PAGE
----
By CALVIN PYNN
LYNCHBURG – Jonathan Craft, whose name Pulaski residents may recognize as the one who turned in Samantha Warden to Campbell County Police almost two weeks ago, is a serious activist for child abuse prevention.
Craft reached out to Warden, the mother of Cory Cole, the infant found dead in a wooded area off Draper Road, in a sympathetic attempt to turn their tragedies into a better cause to make sure that other children and parents would not have to endure what they did.
As previously reported, he came to realize that Warden was not at all what she seemed. Still, despite the fact that suspicions arose before Warden was arrested in Lynchburg, Craft is making the aftermath of Cory’s death a part of his crusade.
For Craft, it all started when his daughter was murdered in 2012.
“It kind of hit me, and at first I was in shock and I didn’t know what to do,” said Craft. “After the shock wore off, I told myself that I had such a hard time dealing with what I had to deal with, and I don’t want anybody else to go through it – the parents or the children.”
Craft’s 13-month-old daughter, Veralee Marie Craft, died in July 2012 after enduring beatings from her mother’s boyfriend. Since her death, Craft has made it his mission to spread awareness about child abuse, using his own tragedy as a driving force to inspire widespread prevention.
“I don’t think any kid should have to go through that, whether it’s physical, mental or sexual,” said Craft. “There are a lot of things that can be considered abuse.”
Craft was never abused as a child or known anyone else who had been either, but his daughter’s death opened his eyes to the shocking reality of its existence. His realization also came when he noticed cases of abuse-related deaths constantly being covered in the media.
“This is one of those situations where you see stuff on TV and the news, and you never think it will happen to you,” said Craft. “Until you go through it, you don’t really notice how much of it there is out there.”
To honor his daughter’s memory, as well as other children that have suffered the same fate, Craft has worked to plan events to raise awareness about his cause. Currently, he is setting his sights on the month of April for his activism.
“April is child abuse month, so I’m planning on doing something every weekend in the month,” said Craft.
According to Craft, the events he has planned will include a benefit show featuring Lynchburg band Hateful Bones, and a walk where the participants will hold signs advocating child abuse prevention. He also hopes to work with organizations related to the cause such as MACA (March Against Child Abuse) and CASA (Court Appointed Special Advocates), donating proceeds from his events to those organizations.
In the meantime, Craft raises awareness through a Facebook page created in his daughter’s memory, titled “Justice for Veralee Marie Craft.” According to Craft, he tries to do everything he can to spread awareness, regardless of the material cost or profit.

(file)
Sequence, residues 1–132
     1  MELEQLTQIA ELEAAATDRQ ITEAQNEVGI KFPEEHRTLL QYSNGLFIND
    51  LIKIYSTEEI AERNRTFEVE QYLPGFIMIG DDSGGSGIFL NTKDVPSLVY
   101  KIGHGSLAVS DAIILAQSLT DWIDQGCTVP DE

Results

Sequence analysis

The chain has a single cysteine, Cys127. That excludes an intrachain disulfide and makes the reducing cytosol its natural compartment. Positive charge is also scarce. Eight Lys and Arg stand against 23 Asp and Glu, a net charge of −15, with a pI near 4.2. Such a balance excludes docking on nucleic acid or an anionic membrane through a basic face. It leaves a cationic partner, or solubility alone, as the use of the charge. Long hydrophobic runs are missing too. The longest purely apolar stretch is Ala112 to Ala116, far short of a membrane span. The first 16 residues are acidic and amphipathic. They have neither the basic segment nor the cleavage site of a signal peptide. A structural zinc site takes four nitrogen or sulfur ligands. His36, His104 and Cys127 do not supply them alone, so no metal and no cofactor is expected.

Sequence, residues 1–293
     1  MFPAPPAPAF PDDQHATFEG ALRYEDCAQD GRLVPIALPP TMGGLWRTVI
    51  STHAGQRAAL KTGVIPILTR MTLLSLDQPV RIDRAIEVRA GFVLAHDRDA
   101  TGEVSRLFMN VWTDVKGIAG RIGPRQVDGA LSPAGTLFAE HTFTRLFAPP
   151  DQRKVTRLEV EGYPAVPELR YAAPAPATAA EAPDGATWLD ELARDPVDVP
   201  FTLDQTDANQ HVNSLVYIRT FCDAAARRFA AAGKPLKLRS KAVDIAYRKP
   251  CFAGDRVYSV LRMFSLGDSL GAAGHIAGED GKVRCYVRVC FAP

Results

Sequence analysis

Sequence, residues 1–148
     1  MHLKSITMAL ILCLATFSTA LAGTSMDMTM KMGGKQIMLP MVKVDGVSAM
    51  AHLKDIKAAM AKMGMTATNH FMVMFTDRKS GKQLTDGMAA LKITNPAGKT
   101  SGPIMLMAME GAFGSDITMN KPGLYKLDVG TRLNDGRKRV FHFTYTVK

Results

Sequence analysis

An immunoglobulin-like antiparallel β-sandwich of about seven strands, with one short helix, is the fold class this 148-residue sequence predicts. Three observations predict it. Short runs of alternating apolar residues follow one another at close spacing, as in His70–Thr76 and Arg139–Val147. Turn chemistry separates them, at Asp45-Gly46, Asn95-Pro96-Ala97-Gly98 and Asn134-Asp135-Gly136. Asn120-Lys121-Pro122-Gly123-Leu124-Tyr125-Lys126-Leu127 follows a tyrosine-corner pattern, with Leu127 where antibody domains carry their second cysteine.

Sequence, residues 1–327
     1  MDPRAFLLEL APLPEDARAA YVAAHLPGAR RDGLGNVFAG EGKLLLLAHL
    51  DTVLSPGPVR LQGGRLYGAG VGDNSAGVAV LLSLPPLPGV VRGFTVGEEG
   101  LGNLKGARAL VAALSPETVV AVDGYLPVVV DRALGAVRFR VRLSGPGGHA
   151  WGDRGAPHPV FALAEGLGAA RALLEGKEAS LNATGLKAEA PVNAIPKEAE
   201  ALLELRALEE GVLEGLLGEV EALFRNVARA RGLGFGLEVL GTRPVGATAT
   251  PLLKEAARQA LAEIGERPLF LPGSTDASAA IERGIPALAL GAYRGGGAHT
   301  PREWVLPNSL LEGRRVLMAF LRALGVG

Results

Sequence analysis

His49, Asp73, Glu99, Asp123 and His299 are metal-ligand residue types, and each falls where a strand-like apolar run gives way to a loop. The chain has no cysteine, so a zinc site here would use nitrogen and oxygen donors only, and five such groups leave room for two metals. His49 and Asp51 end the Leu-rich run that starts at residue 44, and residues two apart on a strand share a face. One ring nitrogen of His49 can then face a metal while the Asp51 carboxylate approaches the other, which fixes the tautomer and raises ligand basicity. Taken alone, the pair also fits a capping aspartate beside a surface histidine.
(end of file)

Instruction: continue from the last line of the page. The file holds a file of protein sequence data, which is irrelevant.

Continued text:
“We’re not doing it to raise money, we’re doing it for the simple fact that I’m willing to do anything that it takes to get people’s attention about child abuse,” said Craft. “In order to get people involved in child abuse prevention, it seems like you have to do something crazy for them to notice you.”
According to Craft, he has pushed the limits of his own dexterity to demonstrate his dedication to the cause. This has included stunts such as posting pictures of himself to his Facebook page standing in the snow in swim trunks, holding a sign that read “Help Fight Child Abuse.”
Craft and several others also took part in a “polar plunge” event at Smith Mountain Lake last weekend during which they filmed a video about child abuse prevention.
Although Craft has been planning his events for April months in advance, he decided it was time to act immediately when he became aware of the situation with Cory Cole. With that, he decided to reach out to Warden, and created a Facebook page for Cory modeled after the one he made for his daughter, similarly calling it “Justice For Cory Cole.”
“When all this happened, I really felt bad for her,” said Craft. “When I was going through everything I didn’t known anyone who had lost a child, and I didn’t have anyone to talk to. I was sitting there thinking if I had someone to turn to, maybe they could have helped me, maybe they could have given me some answers.”
Craft decided to act on his suspicions after Warden spent a couple days at his house in Lynchburg, where he intended to plan some fundraisers in honor of Cory during her time there. Although his focus has shifted slightly since her arrest, he still wants to make Cory Cole part of his mission.
According to Craft, honoring Cory’s memory is the most important thing above all else.
“I was really hoping to work with her until I found out what I did,” said Craft. “Just because this happened, doesn’t mean he doesn’t deserve justice. We shouldn’t stop fighting for him, because it’s really about him. When I do my events, Cory’s still going to be mentioned. He’s not leaving my situation.”
In fact, Craft and a few others have discussed the possibility of working to establish a new law called “Cory’s Law,” which would state that if a parent has been convicted in the past of child abuse charges, he or she can no longer have physical custody of a child.